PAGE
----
For transmission electron microscopic examination, 1-mm3 fragments of liver were fixed in 3% glutaraldehyde, postfixed in 1% osmium tetroxide, dehydrated in ethanol, and embedded in liquid epoxy resin. The ultrathin sections (70–90 nm) were stained with lead citrate and uranyl acetate and examined with an electron microscope (JEOL JEM-1011). Ultrastructurally, nonmembrane bound, irregular shaped crystalline inclusions were seen in the cytoplasmic vacuoles of hepatocytes (Figure 3(a)). Lipid with/without mineral deposits was noted within the vacuoles (Figure 3(b)). Scanning electron microscopy and energy dispersive X-rays analyses (SEM/EDXA) on the liver provided evidence of accumulations of calcium, oxygen, phosphorus, and smaller amounts of magnesium and sodium. Infrared spectroscopy showed the hepatocellular material consistent with protein and carbohydrate.

fig3
Figure 3: Liver: (a) cytoplasmic crystalline inclusions within a hepatocellular vacuole (arrows). Bar: 2 μm; Inset: higher magnification of inclusions. Bar: 500 nm. (b) the hepatocellular vacuole (arrow) containing intermediate electron-dense lipid (*) with highly electron-dense mineral (arrowheads). Bar: 1 μm. Uranyl acetate-lead citrate stain. Transmission electron micrograph.

3. Discussion

Hepatocellular cytoplasmic crystalline inclusions have been described in cattle with mucosal disease [2], 8-month-old steer with shipping fever [3], dogs and rats with Escherichia coli endotoxin [5], and liver of normal dogs [8] and rabbits [6]. The presented case was an 11-year-old gazelle; therefore, it appears that there is unknown relationship between hepatocellular inclusions and age of the animal. Crystalline inclusions have been observed in the hepatocytes of normal human liver, but more frequently in Gilbert’s syndrome [9]. Gilbert’s syndrome is a congenital hyperbilirubinemia seen in humans, inherited as an autosomal dominant trait [10]. It was suggested that disruption of mitochondria liberates the inclusions into the cytoplasm or that crystals represent some form of hepatic degeneration in humans [9] or crystallized form of viruses [11]. Nonmembrane bound hepatocellular intracytoplasmic crystalline inclusions have never been reported in an antelope. Crystalline inclusions in the mitochondria of dog’s liver have been documented in animals kept on low-protein diet [12]. However, the crystalline inclusions in the present study were extramitochondrial, and their pattern was different from the structure of intramitochondrial inclusions described in dogs. SEM/EDXA analyses on the liver of gazelle provided evidence of accumulations of calcium, oxygen, phosphorus, and smaller amounts of magnesium and sodium. Infrared spectroscopy showed the hepatocellular material consistent with protein and carbohydrate. There was no evidence of bacterial or viral infection microscopically and ultrastructurally. Bacteriological culture on liver revealed no growth. Initially, storage disease was considered as a possible differential after examining the tissue sections of liver stained with hematoxylin and eosin. Storage diseases can be either inherent/spontaneous or acquired/toxin induced (such as due to ingestion of toxic plants). There was no clinical history of toxin exposure in the zoo, but it cannot be completely excluded.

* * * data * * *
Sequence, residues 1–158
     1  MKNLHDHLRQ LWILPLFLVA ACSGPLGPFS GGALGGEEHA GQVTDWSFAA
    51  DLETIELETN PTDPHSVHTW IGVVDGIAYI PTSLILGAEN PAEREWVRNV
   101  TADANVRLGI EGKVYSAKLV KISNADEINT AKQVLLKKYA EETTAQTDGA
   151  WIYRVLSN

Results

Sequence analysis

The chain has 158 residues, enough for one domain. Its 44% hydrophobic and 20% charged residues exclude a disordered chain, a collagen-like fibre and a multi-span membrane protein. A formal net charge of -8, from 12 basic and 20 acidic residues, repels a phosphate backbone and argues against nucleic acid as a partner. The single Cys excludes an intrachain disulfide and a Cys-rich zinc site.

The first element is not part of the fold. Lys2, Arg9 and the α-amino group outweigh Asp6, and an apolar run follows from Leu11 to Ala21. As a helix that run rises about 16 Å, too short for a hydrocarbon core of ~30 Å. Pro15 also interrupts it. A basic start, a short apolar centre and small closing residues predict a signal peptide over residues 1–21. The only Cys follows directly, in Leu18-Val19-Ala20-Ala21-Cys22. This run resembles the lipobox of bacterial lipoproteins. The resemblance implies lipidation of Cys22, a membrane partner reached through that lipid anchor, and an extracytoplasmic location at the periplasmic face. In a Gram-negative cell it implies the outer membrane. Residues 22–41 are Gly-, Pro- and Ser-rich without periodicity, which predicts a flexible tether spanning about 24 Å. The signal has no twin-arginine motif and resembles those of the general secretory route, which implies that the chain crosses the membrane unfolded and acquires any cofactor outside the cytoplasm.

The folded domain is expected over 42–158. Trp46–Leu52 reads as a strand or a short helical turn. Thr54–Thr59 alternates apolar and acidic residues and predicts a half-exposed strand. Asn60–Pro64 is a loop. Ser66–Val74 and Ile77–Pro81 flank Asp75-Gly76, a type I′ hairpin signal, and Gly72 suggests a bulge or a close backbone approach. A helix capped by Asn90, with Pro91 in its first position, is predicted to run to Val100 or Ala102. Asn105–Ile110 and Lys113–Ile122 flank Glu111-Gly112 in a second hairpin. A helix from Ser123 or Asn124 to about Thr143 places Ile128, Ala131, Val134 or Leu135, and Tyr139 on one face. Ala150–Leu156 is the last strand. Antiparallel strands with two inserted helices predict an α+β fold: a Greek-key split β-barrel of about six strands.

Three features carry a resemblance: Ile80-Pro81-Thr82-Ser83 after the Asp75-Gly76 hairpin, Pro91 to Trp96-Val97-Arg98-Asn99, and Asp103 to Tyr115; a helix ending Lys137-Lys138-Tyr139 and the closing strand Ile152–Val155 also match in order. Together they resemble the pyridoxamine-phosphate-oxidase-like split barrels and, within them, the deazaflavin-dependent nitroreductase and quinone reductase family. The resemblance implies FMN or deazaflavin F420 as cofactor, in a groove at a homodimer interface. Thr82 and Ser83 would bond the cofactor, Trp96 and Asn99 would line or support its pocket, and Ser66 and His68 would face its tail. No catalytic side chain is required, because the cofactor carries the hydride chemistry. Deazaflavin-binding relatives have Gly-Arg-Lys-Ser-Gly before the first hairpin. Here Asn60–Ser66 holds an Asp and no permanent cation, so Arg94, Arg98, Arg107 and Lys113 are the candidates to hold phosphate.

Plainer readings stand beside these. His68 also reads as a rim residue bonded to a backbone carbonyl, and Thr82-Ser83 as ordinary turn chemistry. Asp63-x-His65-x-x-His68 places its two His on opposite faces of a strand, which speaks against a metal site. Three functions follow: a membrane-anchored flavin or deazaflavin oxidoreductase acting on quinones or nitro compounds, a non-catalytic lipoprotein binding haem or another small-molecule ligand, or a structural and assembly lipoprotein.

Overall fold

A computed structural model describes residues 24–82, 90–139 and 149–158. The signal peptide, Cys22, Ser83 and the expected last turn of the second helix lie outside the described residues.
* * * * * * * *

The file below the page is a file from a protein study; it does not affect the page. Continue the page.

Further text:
The possible cause of severe emaciation of this gazelle was considered due to severe parasitism and concurrent thyroid hyperplasia. At the time of necropsy, there was a moderate parasitic burden in this animal based on fecal examination. However, with the history of recent deworming, the number of worms and ova remaining could be indicative of a severe infestation earlier. Hepatocellular calcification has been reported following a wide range of injuries such as inflammatory state, benign, and malignant neoplasm [13]. In the majority of the cases, calcification was consequence of massive hepatocellular necrosis or apoptosis [14]. However, there was no evidence of necrosis and/or apoptosis in the present case. The hepatic lesions in this gazelle were most likely due to a combination of thyroid hyperplasia and severe/chronic parasitism leading to hypoproteinemia. This finding is in partial agreement with a previous study in which dogs fed on low-protein diet developed intramitochondrial crystalline inclusions [12]. The cytoplasmic hepatocellular crystalline inclusions in the current report could be due to altered lipoprotein synthesis through disturbed oxidative metabolism in addition to disorganization of the membranous compartments in the cytoplasm. The other possible mechanism is that crystalline inclusions may have been derived due to failure of normal physiological hepatocellular clearance associated with a severe chronic disease which was confirmed histologically in the present case. It is also intriguing to speculate that increased protein production and increased permeability of nuclear membrane caused cytoplasmic crystallization of the protein. Moreover, the coexistence of calcium and phosphorus on SEM/EDXA analyses in the liver is suggestive of precipitation of calcium and phosphorus within the cytoplasm of hepatocytes. Whether the crystalline inclusions are de novo or degenerative products of the preexisting material in the cells remains to be elucidated. This case report is the first to describe cytoplasmic hepatocellular crystalline inclusions in an antelope.